Friday, September 25, 2009

Free admission to Ecotarium and Higgins tomorrow

AuburnSchools Smithsonian Magazine presents Museum Day. Enjoy free admission to many local museums on Saturday, 10/26.

Wednesday, September 23, 2009

Healthier school lunches

Good article here on the bill in Congress now called the Child Nutrition Act

DrAyalaWash. Post: School Lunch Punch: The wisdom of spending more money to provide healthier meals.

Whole foods has a program to assist with making lunches healthier called school lunch revolution.


The lunch box is an online tool to help plan healthier choices from Chef Ann Cooper (the self-named renegade lunch lady who teamed with Whole Foods).

5 tips here:

Some local programs along these lines

BEDFORD Kids Cooking Green Lori Deliso 781-863-6375
BOSTON Countdown to Kindergarten Sonia N.Gómez-Banrey 617-635-6816 26 Court Street 6th FL
Boston, MA 02108
CAMBRIDGE City Sprouts Jane Hirschi 617-876-2436 25 River Street
Cambridge, MA 02139
FRAMINGHAM McAuliffe Regional Charter Public School Ben Zimmerman 847-477-4616 25 Clinton Street
Framingham, MA 02155
NEWTONVILLE John M. Barry Boys & Girls Club David Sellers
NEWTONVILLE Waltham Fields Community Farms Claire Kozower 781-899-2403

Benefit of climate legislation and other environmental acts

Business often speaks of the cost side of environmental law, what about the benefits?

This is something often ignored on the local level as well - what is the benefit of spending money on open space or clean water for our town. They tend to be longer term strategic interests.


So, given that the Waxman-Markey bill would curb emissions over the next 40 years, it’s a pretty simple job to tally up the potential benefits: about $1.5 trillion on the middle-of-the-road estimate. The benefits could be as low as $382 billion or as high as $5.2 trillion, depending on how you fiddle with the numbers.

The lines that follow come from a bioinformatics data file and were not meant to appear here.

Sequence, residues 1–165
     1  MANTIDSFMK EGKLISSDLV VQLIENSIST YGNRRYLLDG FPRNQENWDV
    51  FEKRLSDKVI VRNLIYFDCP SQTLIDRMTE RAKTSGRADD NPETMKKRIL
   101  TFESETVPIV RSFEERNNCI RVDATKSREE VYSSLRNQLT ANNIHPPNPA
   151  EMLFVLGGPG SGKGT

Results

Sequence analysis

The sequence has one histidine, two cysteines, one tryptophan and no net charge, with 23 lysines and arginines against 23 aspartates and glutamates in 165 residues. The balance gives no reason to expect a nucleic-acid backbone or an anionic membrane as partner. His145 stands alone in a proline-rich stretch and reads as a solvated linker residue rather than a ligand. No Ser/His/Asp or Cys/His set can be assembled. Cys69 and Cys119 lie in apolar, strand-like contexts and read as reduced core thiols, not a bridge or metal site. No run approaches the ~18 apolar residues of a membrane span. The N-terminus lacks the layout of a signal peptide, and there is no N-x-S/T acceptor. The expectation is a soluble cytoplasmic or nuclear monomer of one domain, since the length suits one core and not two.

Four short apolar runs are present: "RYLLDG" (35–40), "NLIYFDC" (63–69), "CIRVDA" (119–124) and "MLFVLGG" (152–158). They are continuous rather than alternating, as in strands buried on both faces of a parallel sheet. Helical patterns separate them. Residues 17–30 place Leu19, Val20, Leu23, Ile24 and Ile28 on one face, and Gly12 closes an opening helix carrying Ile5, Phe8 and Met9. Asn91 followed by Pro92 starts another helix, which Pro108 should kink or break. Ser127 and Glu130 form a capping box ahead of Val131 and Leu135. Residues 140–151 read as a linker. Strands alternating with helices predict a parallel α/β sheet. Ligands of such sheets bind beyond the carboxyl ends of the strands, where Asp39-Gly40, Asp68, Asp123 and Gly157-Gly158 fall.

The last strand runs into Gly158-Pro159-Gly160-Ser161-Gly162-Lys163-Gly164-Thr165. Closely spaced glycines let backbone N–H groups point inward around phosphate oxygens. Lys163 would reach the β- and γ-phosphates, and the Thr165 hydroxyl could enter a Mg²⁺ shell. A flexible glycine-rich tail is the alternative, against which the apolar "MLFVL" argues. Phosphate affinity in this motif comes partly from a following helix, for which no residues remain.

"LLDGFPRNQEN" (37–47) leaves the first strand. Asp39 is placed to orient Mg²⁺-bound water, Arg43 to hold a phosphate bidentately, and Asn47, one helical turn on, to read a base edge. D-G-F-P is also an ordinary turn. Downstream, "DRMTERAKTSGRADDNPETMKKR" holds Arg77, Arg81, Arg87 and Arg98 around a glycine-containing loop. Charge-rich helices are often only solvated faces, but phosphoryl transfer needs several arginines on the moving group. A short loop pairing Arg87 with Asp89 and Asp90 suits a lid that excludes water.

Since Waxman-Markey is meant to cost about $660 billion, that means the bill provides $2.27 in benefits for every dollar spent, the brief concludes. That doesn’t include extra benefits—cleaner air from a cleaned-up power sector, for instance. And it suggests that even tougher greenhouse-gas targets in the Senate version of the bill would make an even more compelling economic argument.

Wednesday, September 2, 2009

Some goals for a school in the new age

Got this through the FCC's blog on broadband via a whitehouse tweet

whitehouseFCC Chairman Julius Genachowski blogs an update on the National Broadband Plan

Later that afternoon, I participated in a panel about education and broadband. I could not stop thinking that every high school student in the U.S. should be able to watch the Feynman lectures on physics online (requires Silverlight 3.0) from their home as many times as needed until they truly understand why physics and math are both important and cool. Every parent should be able to look up their child’s homework assignments for next week on the web. Every teacher should be able to access the best pedagogic content in the world to meet their student’s needs. And ours kids must be able to go to school without carrying bags weighing 20lbs. How to get there is a great challenge, as broadband is actually just a small piece of this puzzle. We will be looking at a different facet of broadband and education Wednesday afternoon in a workshop on broadband’s impact on job training programs

Access to Feynman is a moving and a great example. That application needs low delay/latecy characteristics, something say 6Mb Mobile Broadband service will fail to support because of the delay characteristics.

Here I listed a set of applications to be support a minimum service.

Tuesday, September 1, 2009

Good tweet on what local government can do to combat obesity

from CR ...

Ways your local government can help prevent childhood obesity

* Zoning restrictions on fast-food restaurants near schools
* Taxes on high-calorie, low-nutrient foods and drinks
* Increasing access to healthy foods in underserved neighborhoods through supermarkets, grocery stores, and convenience stores
* Eliminating outdoor ads for high-calorie, low-nutrient foods and drinks near schools
* Requiring calorie and other nutritional information on restaurant menus
* Rerouting buses or developing other transportation strategies that ensure people can get to grocery stores
* Collaborating with schools to develop and implement a "Safe Routes to School program" to increase the number of children safely walking and bicycling to schools.
* Building and maintaining parks and playgrounds that are safe and in close proximity to residential areas.
* Regulating play space, physical equipment, and duration of play in preschool, after-school, and child-care programs.